In the 1970s, the Federal Reserve Board of Kansas City put on a series of three-day symposiums and invited economists, central bankers, and journalists to the Great American West to discuss the day’s topics.
Former Fed Chair Paul Volker, who famously broke the back of inflation, liked to fly fish, so he steered the conference to Jackson Hole, Wyoming, in 1981, where it’s stayed ever since.
The event became a ‘must watch’ event in the years just before and after the 2008 Global Financial Crisis as the relatively newly appointed Chair at the time, Ben Bernanke, dealt with the crisis. Importantly, he laid the groundwork for various rounds of quantitative easing in 2010-2012.
As noted above, Chair Powell spoke last week and carried on the tradition of delivering important insights into where the Fed is headed.
The speech came at an important time for markets. The first six months of this year were a rough start because stocks and bonds fell sharply due to ever-higher inflation data.
In July, though, inflation came in lower than expected, and stocks and bonds rallied on the theory that the end was in sight for Fed hikes and the worst was behind us.
Powell’s speech in Jackson Hole didn’t reinforce the market’s view, which is why stocks and bonds sold off so sharply on Friday.
Instead, Powell said that to reduce inflation successfully, the Fed would have to “keep at it until the job is done.”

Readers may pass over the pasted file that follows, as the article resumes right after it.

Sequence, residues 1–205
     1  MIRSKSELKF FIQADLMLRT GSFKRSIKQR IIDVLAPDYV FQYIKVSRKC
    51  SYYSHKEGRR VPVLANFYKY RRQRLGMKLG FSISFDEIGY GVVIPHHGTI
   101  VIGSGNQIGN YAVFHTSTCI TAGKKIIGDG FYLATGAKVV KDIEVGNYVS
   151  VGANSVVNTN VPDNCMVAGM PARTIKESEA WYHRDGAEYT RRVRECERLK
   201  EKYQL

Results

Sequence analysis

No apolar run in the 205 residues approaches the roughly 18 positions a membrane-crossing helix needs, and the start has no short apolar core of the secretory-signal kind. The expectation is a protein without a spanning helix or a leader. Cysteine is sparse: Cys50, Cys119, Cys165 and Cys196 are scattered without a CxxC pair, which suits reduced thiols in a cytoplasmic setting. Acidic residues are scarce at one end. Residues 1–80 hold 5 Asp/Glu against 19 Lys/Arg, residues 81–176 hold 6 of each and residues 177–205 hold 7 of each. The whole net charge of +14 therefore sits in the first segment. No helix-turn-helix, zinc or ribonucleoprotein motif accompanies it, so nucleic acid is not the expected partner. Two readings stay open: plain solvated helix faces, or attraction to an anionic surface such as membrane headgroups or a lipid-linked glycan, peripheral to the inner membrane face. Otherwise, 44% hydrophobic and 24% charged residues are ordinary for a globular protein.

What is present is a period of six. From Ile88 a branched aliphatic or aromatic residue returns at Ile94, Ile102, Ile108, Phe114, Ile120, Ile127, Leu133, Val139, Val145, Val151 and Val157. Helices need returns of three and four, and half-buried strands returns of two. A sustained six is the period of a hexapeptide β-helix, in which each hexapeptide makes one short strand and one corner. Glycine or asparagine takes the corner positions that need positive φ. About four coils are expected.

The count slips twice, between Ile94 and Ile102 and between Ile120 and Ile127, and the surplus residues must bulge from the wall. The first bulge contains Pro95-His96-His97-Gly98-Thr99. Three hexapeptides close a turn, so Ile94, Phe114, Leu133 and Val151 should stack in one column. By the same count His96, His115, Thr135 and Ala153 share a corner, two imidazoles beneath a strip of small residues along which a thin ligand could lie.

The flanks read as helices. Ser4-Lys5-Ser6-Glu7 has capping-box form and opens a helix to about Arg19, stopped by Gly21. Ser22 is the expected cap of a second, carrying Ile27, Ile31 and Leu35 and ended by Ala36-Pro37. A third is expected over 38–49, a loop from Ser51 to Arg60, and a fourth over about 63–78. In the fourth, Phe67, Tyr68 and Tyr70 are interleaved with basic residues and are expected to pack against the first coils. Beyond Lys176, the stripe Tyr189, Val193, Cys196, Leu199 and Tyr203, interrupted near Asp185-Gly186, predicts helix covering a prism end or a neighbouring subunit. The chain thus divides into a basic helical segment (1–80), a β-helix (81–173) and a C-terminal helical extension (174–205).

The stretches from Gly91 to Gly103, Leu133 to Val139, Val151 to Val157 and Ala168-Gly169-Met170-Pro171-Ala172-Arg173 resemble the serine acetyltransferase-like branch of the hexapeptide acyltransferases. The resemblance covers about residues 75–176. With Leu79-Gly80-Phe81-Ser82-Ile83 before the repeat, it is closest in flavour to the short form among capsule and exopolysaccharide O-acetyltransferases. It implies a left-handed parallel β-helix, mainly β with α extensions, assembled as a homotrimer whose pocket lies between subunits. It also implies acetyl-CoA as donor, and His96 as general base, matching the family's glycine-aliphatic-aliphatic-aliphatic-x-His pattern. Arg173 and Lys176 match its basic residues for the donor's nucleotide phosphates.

In doing so, he further said that the hikes would probably result in lower economic growth for “a sustained period” because interest rates would need to stay high “for some time.”
He said there would “very likely be some softening in the labor market” and “some pain” for households and businesses.
Importantly, he added that “a failure to restore price stability would mean far greater pain” and “the longer the current bout of inflation continues, the greater the chance that expectations of higher inflation will become entrenched.”
Markets realized almost immediately that the Fed had no plans to alter its stance, as they had apparently expected going into the speech. Hopes for a ‘Powell Pivot’ were dashed.
In a sense, nothing changed – the Fed is going to continue to do what it has been doing, which is probably the right course of action. Market expectations got a little ahead of themselves, and the speech brought expectations back into line.
The next actual Fed meeting (as opposed to a symposium) is three weeks from tomorrow, and it’s reasonable to expect a lot of noise between now and then. Right now, markets are still expecting a three-quarter of a percent hike, but that is likely to float around in the coming weeks.
Sadly, our view of the markets in the next few weeks may not be as pretty as the views of the Grand Teton mountains outside of Jackson Hole. Then again, markets surprise me all of the time.